While discussions between league and player officials continue to lag, the NHL's pending lockout is already taking a toll on the Calgary Flames' front office.
Informed by the club months ago that a mid-September player lockout will force full-time employees to move from a five-day work week to a three-day work week with a matching 40% reduction in pay, several staff members have already left in search of greater job security.
"We've lost some good people and we'll have to deal with the consequences of that," said Flames president and CEO Ken King.
"Because of the uncertainty, some have taken jobs that wouldn't otherwise consider it."
With the high of the team's playoff run now a distant memory, employees say the main topic of conversation at the club's Saddledome office revolves around the uncertainty they all face.
"It's definitely top of mind for everyone," said one nervous employee.
"We've already lost a lot of good people in customer service, food service, finance ... almost every department. People in junior positions are going to go waitress on the other two days of the week to help make up the 40% cut in pay."
While frustrated by their predicament, many full-time employees are full of praise for the way King has handled the inevitable labour stoppage sure to follow the collective bargaining agreement's expiration Sept. 15.
King sent a letter to the club's 120 full-time and 1,200 part-time employees five months ago outlining exactly how the club will operate if the puck isn't dropped to start the NHL season in October.
"People were really appreciative of the way we handled everything -- we were way out front on this thing," said King, who may shift duties for several employees towards the Hitmen.
"We most definitely have a contingency plan -- it would be irresponsible for us not to have one.
"Everything is predicated on 'if.' We don't think there will be a labour disruption and we don't want one but these are people's lives. We can't have people waking up on Sept. 16 without a job."
Stressing no one has been laid off in anticipation of the lockout, King has plenty of sympathy for those in his organization trying to figure out if they need to find new employment to make ends meet this fall.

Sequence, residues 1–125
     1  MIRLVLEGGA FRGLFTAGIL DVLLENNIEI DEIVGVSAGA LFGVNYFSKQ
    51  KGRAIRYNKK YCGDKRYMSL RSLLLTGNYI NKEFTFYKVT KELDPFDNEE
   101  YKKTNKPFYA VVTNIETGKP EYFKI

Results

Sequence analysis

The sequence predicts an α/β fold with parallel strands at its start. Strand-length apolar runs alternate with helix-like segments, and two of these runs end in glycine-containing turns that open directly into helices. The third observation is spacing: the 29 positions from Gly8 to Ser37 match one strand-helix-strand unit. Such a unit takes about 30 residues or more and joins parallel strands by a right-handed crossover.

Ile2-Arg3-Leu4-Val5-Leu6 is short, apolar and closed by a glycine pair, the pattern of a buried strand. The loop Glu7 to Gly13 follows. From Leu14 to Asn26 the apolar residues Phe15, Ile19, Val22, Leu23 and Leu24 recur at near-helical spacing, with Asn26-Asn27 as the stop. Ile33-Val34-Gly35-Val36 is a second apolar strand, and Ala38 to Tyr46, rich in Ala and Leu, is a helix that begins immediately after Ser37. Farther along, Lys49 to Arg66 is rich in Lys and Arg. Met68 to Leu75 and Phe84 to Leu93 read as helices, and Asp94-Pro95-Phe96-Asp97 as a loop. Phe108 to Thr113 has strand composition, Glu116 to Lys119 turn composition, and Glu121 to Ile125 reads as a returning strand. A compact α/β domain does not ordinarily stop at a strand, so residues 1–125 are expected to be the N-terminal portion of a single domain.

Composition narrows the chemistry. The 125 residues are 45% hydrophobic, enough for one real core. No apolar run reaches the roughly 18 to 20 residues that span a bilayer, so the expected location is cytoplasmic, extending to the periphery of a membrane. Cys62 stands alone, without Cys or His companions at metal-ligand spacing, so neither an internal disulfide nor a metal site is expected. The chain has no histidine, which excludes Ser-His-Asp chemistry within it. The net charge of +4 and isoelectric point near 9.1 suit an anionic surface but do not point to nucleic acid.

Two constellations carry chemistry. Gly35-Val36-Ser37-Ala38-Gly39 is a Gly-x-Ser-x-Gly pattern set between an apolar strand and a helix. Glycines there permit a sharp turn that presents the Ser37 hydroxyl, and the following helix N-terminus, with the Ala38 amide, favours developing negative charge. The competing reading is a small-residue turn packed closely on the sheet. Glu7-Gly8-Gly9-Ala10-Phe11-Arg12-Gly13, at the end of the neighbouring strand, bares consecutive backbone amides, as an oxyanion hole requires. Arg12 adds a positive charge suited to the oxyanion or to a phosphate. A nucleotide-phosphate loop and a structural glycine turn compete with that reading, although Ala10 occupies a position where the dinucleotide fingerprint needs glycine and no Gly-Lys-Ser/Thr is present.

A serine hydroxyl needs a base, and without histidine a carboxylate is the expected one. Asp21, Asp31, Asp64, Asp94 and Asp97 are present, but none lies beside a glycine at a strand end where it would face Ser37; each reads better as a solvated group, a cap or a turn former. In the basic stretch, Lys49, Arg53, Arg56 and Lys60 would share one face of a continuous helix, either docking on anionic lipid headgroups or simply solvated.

"I'll even help people find jobs because that's the type of organization we are," said King.
"We gave them lots of lead time but it's hard for them to look into the future with all this uncertainty and figure out what's best for them and their families. I want them to have security and we owe it to them to help them find that."
According to those inside the office, he's made good on that promise.
"When they sat down and told everyone, Ken said he'd try to help everyone and that he'd use all his contacts to get them other work," said another employee. "He has helped people already."
While trying hard to maintain a "business as usual" atmosphere, the club is encouraging employees to seek out supplemental sources of income. The club is also hosting a personal financial seminar for staff and is bringing in an expert to help employees prepare their resume. Employees have also been given the option of taking an unpaid leave of absence.
In a letter obtained by the Sun, King told staff members the club is working hard to bring "alternative events" to the 'Dome to keep some part-time employees busy.
He chose not to elaborate yesterday suggesting, "some will be announced as time marches on."
One third of the league's 30 clubs have already handed out pink slips to more than 80 employees, while other teams are choosing not to replace departed workers. More layoffs are expected in other cities including Edmonton where a number of employees quit first. Other clubs like Ottawa are giving employees 80% of their wages but asking them to continue working full time.